Retro Review: Timber Wolf By Gordon & Phillips DC Comics! Legion Of Super-Heroes Spotlight!

Timber Wolf #1-5 (November 1992 – March 1993)

Written by Al Gordon

Pencilled by Joe Phillips

Inked by Al Gordon, Bob Smith (#5), Steve Leialoha (#5)

Colour by Tom McCraw

Spoilers (from to twenty-eight years ago)

In the early 90s, the Legion of Super-Heroes really stood out as an oasis of quality.  A lot of the mainstream fare at Marvel and DC was getting stupider by the month, yet this complicated and dense book set in the 30th Century managed to share well-considered and deeply affecting stories.  At the core of this initiative was Keith Giffen, who plotted and penciled, or later, laid-out, the book. He collaborated with Tom and Mary Bierbaum, as co-plotters and scripters (who sometimes shut him out of the writing for an issue or two at a time).  The inker in the early days of that run was Al Gordon, who himself started to receive credits for assisting with the plotting. There was a strong feeling of collaboration on the title, and I suspect that different people became responsible for piloting the fates of different characters.

Gordon got the chance to write solo for his sequel to The Great Darkness, the classic Legion/Darkseid story.  And it was from that story arc that Gordon got the chance to write this miniseries, starring one of my favourite Legionnaires, Timber Wolf.

The Giffen years were hard on Brin.  He was devolved into a big humanoid creature who was called Furball, but every once in a while, he reverted to his original, more or less human, form.  At the end of the Quiet Darkness, Darkseid changed Brin back to normal, but that was more kindness than curse, as he was wracked with pain, and looked to be dying.  This was all a side effect of the drug (or is it an element) called Zuunium, that gave him his powers in the first place.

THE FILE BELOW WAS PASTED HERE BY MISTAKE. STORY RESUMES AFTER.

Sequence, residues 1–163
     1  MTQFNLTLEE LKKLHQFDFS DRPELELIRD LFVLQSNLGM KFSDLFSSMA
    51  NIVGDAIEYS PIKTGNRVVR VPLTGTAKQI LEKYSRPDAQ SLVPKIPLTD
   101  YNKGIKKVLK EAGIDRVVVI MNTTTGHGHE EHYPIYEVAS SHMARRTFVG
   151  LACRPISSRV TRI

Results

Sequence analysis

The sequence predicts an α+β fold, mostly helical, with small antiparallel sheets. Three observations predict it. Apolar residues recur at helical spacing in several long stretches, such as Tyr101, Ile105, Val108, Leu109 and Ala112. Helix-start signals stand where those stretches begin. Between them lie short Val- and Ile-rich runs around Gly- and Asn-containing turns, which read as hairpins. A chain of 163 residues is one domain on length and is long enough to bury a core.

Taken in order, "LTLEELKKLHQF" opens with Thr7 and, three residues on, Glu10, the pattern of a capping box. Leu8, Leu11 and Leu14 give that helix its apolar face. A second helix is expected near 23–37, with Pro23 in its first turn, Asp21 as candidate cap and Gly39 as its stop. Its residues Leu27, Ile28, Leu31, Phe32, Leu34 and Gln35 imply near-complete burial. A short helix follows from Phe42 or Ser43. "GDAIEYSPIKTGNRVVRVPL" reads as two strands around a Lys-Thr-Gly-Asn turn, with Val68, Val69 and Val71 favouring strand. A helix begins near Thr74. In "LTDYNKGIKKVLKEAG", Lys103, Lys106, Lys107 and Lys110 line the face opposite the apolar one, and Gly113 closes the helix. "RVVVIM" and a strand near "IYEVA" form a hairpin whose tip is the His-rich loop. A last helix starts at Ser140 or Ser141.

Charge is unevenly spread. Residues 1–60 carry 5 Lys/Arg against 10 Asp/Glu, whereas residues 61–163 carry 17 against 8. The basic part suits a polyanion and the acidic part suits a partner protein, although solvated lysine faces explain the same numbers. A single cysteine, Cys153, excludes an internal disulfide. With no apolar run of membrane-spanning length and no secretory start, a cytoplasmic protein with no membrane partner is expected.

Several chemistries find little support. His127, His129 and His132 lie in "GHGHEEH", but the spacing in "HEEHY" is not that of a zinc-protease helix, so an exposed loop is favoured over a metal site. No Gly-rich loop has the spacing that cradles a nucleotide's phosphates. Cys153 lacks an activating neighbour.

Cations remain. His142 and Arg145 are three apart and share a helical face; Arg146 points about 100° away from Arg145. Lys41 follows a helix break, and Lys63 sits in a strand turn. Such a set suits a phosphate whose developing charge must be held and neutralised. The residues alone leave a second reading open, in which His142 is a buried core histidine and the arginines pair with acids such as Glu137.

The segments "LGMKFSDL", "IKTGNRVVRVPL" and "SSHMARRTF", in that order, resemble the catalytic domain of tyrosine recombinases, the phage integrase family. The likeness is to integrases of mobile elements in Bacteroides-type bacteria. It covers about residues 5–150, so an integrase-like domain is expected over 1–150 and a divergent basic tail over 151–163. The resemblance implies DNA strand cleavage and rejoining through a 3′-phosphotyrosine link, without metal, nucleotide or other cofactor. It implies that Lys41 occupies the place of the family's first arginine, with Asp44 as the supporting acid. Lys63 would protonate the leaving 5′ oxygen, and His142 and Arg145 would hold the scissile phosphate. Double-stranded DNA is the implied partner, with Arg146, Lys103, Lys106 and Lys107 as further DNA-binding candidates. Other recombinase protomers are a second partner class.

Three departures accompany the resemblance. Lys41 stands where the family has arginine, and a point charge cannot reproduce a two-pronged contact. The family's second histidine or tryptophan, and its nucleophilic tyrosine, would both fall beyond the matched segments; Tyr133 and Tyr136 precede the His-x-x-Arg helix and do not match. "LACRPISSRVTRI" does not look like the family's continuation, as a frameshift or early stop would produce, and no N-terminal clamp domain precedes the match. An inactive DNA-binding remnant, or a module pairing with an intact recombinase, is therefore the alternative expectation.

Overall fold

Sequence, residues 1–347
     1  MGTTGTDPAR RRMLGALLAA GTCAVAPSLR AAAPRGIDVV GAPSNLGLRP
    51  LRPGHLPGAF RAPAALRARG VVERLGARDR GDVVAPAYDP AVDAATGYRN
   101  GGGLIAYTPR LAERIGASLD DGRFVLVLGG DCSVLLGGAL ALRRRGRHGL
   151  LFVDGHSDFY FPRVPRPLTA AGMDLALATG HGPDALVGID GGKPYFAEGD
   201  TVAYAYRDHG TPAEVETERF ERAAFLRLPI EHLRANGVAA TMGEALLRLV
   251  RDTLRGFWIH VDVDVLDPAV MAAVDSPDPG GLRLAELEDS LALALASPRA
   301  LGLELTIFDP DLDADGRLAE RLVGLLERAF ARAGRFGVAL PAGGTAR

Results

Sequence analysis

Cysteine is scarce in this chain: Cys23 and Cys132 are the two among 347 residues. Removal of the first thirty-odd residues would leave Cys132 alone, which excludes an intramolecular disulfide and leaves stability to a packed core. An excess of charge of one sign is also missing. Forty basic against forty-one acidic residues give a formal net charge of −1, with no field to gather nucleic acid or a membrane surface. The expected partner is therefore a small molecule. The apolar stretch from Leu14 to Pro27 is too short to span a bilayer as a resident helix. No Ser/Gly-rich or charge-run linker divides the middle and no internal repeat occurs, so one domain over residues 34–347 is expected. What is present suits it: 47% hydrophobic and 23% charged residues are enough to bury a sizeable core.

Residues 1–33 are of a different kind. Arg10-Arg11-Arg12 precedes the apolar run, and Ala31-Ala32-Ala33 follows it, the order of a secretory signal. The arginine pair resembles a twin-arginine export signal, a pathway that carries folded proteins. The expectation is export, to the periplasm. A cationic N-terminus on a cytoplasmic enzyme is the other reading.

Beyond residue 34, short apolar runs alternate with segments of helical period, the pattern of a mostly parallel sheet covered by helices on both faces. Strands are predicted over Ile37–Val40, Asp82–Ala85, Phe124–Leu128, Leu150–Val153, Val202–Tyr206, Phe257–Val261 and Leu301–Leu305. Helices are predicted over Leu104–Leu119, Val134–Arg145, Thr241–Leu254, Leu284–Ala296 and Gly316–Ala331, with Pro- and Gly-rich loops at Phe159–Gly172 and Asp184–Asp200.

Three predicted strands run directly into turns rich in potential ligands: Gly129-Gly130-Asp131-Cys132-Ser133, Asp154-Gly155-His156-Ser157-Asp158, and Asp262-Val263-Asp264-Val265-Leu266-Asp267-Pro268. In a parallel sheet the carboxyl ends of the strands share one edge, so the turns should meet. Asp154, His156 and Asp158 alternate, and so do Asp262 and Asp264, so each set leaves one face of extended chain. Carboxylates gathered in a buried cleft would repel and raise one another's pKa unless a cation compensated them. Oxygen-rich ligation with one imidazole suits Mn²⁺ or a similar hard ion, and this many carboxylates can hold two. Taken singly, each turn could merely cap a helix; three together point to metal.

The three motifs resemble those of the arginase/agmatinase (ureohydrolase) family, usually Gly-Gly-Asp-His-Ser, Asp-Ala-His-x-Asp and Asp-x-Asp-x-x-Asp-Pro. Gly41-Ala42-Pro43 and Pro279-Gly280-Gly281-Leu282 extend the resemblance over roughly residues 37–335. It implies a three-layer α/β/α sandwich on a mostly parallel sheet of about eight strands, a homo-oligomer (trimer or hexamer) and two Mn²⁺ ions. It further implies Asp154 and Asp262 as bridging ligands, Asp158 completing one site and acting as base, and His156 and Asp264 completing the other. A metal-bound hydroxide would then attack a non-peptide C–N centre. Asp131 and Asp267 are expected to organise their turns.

As he was on death’s door (this happened in Legion of Super-Heroes Annual #3), Aria, the young girl who became a bridge between mankind and God, and began calling herself Gemini, came to save him.  She did manage to cure him, and transform him into a werewolf-like figure. She also managed to strand them both in the 20th century, where Brin caught the attention of some police, some gangsters, and a half-Durlan 90s stereotype named Thrust.  That’s where this series picks up.

If I’m being honest, I don’t have the best memories of this series.  I didn’t enjoy the story in the annual, nor did I the six-page preview of this title that was published in an issue of Legion.  I like Brin a lot, though, and I remember being impressed with Joe Phillips’s artwork. I don’t actually hold a lot of hope for this run, but as I know that TW ends up back with the Legion eventually, I want to see how that happens.

Let’s track who turned up in the title:


  • RW Faost (leader, Point Force; #1-5)
  • Captain Flag (#1-5)
  • Dominators (#2-5)

Guest Stars

  • The Creeper (Jack Ryder; #3)

Supporting Characters

  • Gemini (Aria Campbell; #1-5)
  • Thrust (#1-5)
  • Jesse (Point Force; #1-5)
  • Sharyn (Point Force; #3-4)
  • Stanfield (Point Force; #4-5)

Let’s take a look at what happened in these books, with some commentary as we go: